What a difference two days in the financial markets can make. On Friday, US economic sentiment soared following the unexpected news that the US economy added an impressive 321,000 jobs to its payroll during November. This news, led to various US Indices recording new milestone highs, and increased expectations that the Federal Reserve should begin raising US interest rates during 2015. It also represented the first time in two decades the US added over 200,000 jobs to its economy for ten successive months and boosted confidence in the global economic recovery.
By Monday morning though, optimism became far more downbeat. Economic data from Japan showed that the world’s third largest economy is in a deeper recession than previously estimated. This was shortly followed by data from China heightening fears over an economic slowdown. Concern arose after annualised exports during November were announced at 4.7%, far less than the 8% market expectation, alongside imports falling by 6.7% in the same period. The expectations for Chinese imports was a 3.9% increase, with the data showing further indications of domestic spending slipping.
What we have encountered in terms of economic data over the past couple of days is exactly what policy makers from major central banks have been pre-warning for months, and this is there being a huge divergence in progress between the major economies. Market participants will now turn to Thursday’s inflation data from China, where inflation levels are expected to remain flat at a near five-year low. Although low inflation will lead to further concerns over China’s economy losing momentum, there is a positive spin we can put on this. For example, low inflation levels provide the People’s Bank of China (PBoC) with more movement to reduce interest rates and, when you look at data continuing to point towards domestic spending slowing, further rate cuts could really reinvigorate economic growth.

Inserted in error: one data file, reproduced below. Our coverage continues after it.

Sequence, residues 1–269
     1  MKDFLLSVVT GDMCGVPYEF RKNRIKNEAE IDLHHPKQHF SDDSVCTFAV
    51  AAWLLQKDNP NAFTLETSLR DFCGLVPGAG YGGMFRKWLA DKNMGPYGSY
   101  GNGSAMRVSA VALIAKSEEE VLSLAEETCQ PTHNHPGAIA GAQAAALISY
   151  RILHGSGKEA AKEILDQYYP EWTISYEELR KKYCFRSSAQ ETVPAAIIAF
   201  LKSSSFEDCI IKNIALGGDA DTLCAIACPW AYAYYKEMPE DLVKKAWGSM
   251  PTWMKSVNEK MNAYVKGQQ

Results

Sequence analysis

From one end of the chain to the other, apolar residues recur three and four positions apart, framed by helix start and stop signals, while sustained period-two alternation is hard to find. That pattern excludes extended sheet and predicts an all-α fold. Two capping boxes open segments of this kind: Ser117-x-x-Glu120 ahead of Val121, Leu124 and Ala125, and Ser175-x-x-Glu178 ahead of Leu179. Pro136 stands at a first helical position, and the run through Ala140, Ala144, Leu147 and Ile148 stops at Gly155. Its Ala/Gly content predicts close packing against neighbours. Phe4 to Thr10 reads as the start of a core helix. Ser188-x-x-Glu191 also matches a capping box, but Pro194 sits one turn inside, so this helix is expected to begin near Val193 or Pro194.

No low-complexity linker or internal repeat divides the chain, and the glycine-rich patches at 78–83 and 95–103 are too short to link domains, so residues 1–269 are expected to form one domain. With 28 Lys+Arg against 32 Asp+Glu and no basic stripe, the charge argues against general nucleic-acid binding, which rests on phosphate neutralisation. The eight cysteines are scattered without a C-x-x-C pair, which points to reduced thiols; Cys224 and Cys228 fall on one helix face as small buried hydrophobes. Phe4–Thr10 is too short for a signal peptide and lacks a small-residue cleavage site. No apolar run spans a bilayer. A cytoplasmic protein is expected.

The negative data from Asia over the weekend left quite an impact on the financial markets, with the majority of global indices pointing to the downside on Monday. Weakness was noticed throughout the FTSE 100, NASDAQ and S&P 500 while the recent suffering in commodities also resumed. The Japan GDP data further weakened the JPY and provided the USDJPY with enough momentum to jump to a new seven-year high of 121.838. Since then, the pair has encountered profit-taking with the USDJPY already looking to find support around 119.700 on Tuesday morning. The general consensus previously was that the USDJPY would conclude the year around 120. This has occurred sooner than expected and investors are now taking the opportunity to close trades.
Concerns regarding Chinese economic momentum slowing down inspired speculation there will be less demand for Oil, which resulted in further fears there is an oversupply of the commodity. As a result, bearish pressure resumed in the Oil markets, with both Brent and Crude tumbling to five-year lows yesterday. Brent dropped to $65.91, while Crude declined to $62.76. Unless investors close USD positions in the run up to Christmas, or the PBoC add further stimulus to its economy in the coming weeks, it appears unlikely the Oil markets will enter a correction period anytime soon.